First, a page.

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Illustration: Aïda Amer/Axios

What happens after a war? Two weeks ago, that question may have resulted in cautiously optimistic answers about America's ability to bounce back from its current crisis. Now, things aren't so clear.

Why it matters: Wars are — generally — over when they're over; then the post-war rebuilding can begin. Pandemics don't work that way; their effects reverberate for decades.

What's happening: Billions of people around the world are living in fear of a lethal and invisible enemy. They're sequestering themselves inside their homes and avoiding human contact not just because they are being told to do so by their governments, but because they have internalized the need to do so out of simple self-preservation.

  • Extreme measures are popular. 74% of Jordanians approve of their government's measures, which started with a round-the-clock curfew. The curfew now lasts from 6 pm until 10 am, and driving is banned during the day.
  • New Zealand's very strict lockdown is also popular.

Between the lines: "Getting righteous about other people’s inadequate social distancing is how we manage our fear," Leslie Jamison writes in the NYRB. That, too, is visible in New Zealand, as well as all over Twitter.

  • Righteousness requires self-certainty. Once people are certain of something, it takes years for those heuristics to decay. A mistrust of mingling with strangers — or even with friends — is likely to linger for a generation.
  • That's going to have long-lasting economic repercussions in entertainment, sports, hospitality, travel, including mass transit, and myriad other sectors.
  • Even a vaccine won't end the fear. Vaccines aren't 100% effective, viruses mutate, and fear is not governed by rational calculation.

The big picture: Americans who lived through the Great Depression were scarred for life by the experience, and they exhibited a level of caution and frugality that only their boomer children would eventually overcome.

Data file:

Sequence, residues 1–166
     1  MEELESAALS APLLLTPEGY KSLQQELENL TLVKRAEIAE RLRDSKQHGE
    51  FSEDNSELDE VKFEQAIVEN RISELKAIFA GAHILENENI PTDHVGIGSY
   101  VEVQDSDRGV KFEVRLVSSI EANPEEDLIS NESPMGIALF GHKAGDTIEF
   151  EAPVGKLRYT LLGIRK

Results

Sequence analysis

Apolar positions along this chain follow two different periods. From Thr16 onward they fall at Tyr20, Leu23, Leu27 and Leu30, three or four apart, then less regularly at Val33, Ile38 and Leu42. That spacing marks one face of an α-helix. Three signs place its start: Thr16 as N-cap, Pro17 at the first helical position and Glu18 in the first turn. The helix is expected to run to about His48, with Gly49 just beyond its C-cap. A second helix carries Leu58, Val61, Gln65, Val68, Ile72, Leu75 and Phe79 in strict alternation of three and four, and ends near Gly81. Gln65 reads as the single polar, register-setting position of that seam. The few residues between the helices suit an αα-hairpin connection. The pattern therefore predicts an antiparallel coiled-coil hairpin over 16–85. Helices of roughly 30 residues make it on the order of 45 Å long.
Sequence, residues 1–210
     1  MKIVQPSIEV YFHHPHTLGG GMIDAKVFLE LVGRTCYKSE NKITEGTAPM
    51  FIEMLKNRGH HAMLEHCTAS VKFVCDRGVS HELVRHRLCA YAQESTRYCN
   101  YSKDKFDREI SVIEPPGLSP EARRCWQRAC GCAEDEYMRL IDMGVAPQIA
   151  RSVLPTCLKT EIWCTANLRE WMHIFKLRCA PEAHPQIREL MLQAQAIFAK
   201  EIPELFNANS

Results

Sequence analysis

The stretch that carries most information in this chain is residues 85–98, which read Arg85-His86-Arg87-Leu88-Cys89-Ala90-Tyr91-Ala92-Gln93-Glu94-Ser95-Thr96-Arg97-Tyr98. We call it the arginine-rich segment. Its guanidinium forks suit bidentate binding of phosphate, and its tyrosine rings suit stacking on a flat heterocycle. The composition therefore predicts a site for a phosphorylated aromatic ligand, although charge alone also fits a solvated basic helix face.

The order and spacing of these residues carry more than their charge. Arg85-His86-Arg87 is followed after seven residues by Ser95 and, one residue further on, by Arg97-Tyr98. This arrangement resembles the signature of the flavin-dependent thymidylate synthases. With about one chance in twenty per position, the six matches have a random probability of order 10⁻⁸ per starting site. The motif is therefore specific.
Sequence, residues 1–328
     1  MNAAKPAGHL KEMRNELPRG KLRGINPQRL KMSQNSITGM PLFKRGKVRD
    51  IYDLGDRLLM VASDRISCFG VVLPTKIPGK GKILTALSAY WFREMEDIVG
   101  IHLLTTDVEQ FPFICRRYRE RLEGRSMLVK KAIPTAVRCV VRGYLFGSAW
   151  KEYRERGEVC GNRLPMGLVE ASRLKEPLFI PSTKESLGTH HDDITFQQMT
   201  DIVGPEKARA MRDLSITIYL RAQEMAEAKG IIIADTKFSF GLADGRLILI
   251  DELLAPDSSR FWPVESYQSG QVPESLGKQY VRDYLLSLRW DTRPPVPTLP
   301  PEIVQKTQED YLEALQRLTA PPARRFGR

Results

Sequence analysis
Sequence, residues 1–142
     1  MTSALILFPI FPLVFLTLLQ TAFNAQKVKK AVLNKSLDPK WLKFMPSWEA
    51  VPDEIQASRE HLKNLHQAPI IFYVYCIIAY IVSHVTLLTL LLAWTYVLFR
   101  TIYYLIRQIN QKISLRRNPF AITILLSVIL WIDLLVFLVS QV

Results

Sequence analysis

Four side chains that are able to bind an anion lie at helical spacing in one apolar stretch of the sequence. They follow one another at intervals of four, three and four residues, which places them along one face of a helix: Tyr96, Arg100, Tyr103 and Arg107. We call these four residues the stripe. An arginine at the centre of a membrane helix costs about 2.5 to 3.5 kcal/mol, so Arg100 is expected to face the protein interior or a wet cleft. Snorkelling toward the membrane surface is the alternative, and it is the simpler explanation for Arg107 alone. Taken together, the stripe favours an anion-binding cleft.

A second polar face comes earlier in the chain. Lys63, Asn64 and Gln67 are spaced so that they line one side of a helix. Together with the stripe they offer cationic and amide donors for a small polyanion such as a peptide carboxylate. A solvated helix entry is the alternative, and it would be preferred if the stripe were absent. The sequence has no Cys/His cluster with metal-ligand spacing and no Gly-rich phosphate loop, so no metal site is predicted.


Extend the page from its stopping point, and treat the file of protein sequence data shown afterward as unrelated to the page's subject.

• After the coronavirus crisis, we're similarly likely to enter what Allianz economic adviser Mohamed El-Erian characterizes as a "greater emphasis on resilience and a move away from efficiency."
  • Economically speaking, that's likely to weigh on any recovery, making it risk-averse and sluggish.
  • Unlike a war's V-Day, the end of the pandemic won't be greeted with euphoria. It won't even be possible to pinpoint when the end arrives.

The bottom line: It's easier to switch an economy off than to switch it on.

Go deeper

Rep. Rice demands Cuomo resign after 3rd woman accuses him of misconduct

New York Gov. Andrew Cuomo during a February news conference in New York City. Photo: Seth Wenig/POOL/AFP via Getty Images

Rep. Kathleen Rice (D-N.Y.) on Monday evening called for New York Gov. Andrew Cuomo (D) to resign, after a third woman accused him of inappropriate behavior.

Driving the news: Anna Ruch, a former member of the Obama administration and the 2020 Biden campaign, told the New York Times Monday that Cuomo asked to kiss her at a New York City wedding reception in September 2019.

Scoop: Inside the GOP's plan to retake the House

House Minority Leader Kevin McCarthy. Photo: Elijah Nouvelage/Bloomberg via Getty Images

House Republicans will reclaim their majority in 2022 by offering candidates who are women, minorities or veterans, a memo obtained by Axios says.

Why it matters: The document, drafted by a super PAC blessed by House Minority Leader Kevin McCarthy, names top Democrats to target — Jared Golden of Maine, Matt Cartwright of Pennsylvania and Ron Kind of Wisconsin — and the type of Republican candidates to beat them.

3 hours ago - Politics & Policy

Scoop: Trump talked out of early Ohio endorsement

Jane Timken at a 2017 Trump rally. Photo: Kyle Mazza/NurPhoto via Getty Images

Donald Trump had to be talked out of making an early endorsement in Ohio's 2022 U.S. Senate race, a sign of his eagerness to reengage politically, people familiar with the conversations tell Axios.

What we're hearing: The former president discussed endorsing former state GOP chair Jane Timken last week during a meeting at Mar-a-Lago with RNC Chairwoman Ronna McDaniel, but top advisers — including Donald Trump Jr. — urged him to wait.